The Late, Great Joseph Sobran on Patriotism and Nationalism
- Patriotism is like family love. You love your family just for being your family, not for being “the greatest family on earth” (whatever that might mean) or for being “better” than other families. You don’t feel threatened when other people love their families the same way. On the contrary, you respect their love, and you take comfort in knowing they respect yours. You don’t feel your family is enhanced by feuding with other families.
While patriotism is a form of affection, nationalism, it has often been said, is grounded in resentment and rivalry; it’s often defined by its enemies and traitors, real or supposed. It is militant by nature, and its typical style is belligerent. Patriotism, by contrast, is peaceful until forced to fight.
The patriot differs from the nationalist in this respect too: he can laugh at his country, the way members of a family can laugh at each other’s foibles. Affection takes for granted the imperfection of those it loves; the patriotic Irishman thinks Ireland is hilarious, whereas the Irish nationalist sees nothing to laugh about.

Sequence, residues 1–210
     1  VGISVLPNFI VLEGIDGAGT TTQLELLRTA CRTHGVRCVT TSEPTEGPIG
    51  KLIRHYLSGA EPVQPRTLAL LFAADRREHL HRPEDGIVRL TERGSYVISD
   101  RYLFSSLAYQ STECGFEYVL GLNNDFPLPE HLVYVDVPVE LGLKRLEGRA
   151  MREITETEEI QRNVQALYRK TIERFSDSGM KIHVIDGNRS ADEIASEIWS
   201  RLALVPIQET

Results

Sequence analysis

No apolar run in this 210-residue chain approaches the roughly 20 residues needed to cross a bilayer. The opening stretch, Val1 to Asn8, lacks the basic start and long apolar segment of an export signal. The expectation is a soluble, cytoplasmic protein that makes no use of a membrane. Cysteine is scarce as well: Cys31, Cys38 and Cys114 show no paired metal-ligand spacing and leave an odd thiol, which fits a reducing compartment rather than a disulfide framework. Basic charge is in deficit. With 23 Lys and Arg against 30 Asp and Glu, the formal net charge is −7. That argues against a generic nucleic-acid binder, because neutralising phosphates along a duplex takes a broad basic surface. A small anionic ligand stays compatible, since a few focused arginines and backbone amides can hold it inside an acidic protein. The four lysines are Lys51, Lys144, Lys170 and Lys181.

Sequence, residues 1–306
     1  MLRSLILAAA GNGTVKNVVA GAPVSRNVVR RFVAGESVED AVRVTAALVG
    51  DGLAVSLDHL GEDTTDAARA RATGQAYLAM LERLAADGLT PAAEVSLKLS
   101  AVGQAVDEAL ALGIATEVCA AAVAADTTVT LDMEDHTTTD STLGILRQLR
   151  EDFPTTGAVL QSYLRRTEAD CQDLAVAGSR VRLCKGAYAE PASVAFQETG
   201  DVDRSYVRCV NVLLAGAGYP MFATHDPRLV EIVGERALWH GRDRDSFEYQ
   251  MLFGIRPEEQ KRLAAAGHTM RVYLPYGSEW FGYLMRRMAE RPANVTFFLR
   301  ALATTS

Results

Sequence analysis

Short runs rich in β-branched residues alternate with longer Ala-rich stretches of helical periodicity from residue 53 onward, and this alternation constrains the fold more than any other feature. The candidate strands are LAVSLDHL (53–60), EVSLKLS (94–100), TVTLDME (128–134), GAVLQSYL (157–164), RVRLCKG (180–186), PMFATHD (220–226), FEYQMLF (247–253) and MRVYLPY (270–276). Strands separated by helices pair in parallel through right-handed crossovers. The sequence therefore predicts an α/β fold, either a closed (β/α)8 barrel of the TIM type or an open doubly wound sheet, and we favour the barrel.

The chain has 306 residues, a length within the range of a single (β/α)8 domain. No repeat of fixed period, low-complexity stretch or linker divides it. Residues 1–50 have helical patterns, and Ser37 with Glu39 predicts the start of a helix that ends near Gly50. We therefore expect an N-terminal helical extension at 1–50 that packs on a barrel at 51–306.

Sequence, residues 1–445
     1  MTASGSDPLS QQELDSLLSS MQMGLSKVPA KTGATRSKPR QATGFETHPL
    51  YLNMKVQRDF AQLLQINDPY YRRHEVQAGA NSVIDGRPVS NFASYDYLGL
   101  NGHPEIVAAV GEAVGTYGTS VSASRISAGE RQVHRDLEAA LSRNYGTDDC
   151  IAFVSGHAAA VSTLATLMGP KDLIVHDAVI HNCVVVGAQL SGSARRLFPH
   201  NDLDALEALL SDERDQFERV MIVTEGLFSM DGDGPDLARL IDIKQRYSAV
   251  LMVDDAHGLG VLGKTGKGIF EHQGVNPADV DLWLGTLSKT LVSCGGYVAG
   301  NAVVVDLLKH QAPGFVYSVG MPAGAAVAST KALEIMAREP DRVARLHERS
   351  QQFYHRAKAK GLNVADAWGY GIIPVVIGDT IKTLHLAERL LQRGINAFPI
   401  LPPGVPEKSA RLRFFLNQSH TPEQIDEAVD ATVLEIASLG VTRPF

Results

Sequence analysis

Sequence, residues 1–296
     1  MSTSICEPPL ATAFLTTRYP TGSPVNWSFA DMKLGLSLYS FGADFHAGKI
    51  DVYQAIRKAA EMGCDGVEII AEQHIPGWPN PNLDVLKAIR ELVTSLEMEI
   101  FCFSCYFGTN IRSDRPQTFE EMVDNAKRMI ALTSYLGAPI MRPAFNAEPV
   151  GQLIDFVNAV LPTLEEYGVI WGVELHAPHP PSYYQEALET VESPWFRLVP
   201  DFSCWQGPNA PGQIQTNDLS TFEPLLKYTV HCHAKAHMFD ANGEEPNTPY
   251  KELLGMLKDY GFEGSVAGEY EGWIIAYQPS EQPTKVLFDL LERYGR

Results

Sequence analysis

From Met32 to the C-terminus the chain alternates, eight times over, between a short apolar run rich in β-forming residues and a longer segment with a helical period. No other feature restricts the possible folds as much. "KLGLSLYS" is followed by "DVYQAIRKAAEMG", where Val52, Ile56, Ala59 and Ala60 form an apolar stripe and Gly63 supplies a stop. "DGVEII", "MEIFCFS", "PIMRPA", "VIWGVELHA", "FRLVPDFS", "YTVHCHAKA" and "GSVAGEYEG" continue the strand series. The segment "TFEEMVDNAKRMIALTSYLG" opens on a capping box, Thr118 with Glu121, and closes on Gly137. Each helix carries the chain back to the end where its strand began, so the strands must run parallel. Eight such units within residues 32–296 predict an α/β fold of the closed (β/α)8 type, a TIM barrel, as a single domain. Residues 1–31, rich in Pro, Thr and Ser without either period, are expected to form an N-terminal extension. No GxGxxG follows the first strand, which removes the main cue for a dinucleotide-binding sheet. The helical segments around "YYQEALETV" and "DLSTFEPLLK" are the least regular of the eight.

The nationalist has to prove his country is always right. He reduces his country to an idea, a perfect abstraction, rather than a mere home. He may even find the patriot’s irreverent humor annoying.
The New Beginning links to the original essay — Patriotism or Nationalism? In it, the "Reactionary Utopian" laments that "many Americans admire America for being strong, not for being American." He continues, "For them America has to be 'the greatest country on earth' in order to be worthy of their devotion. If it were only the 2nd-greatest, or the 19th-greatest, or, heaven forbid, 'a 3rd-rate power,' it would be virtually worthless."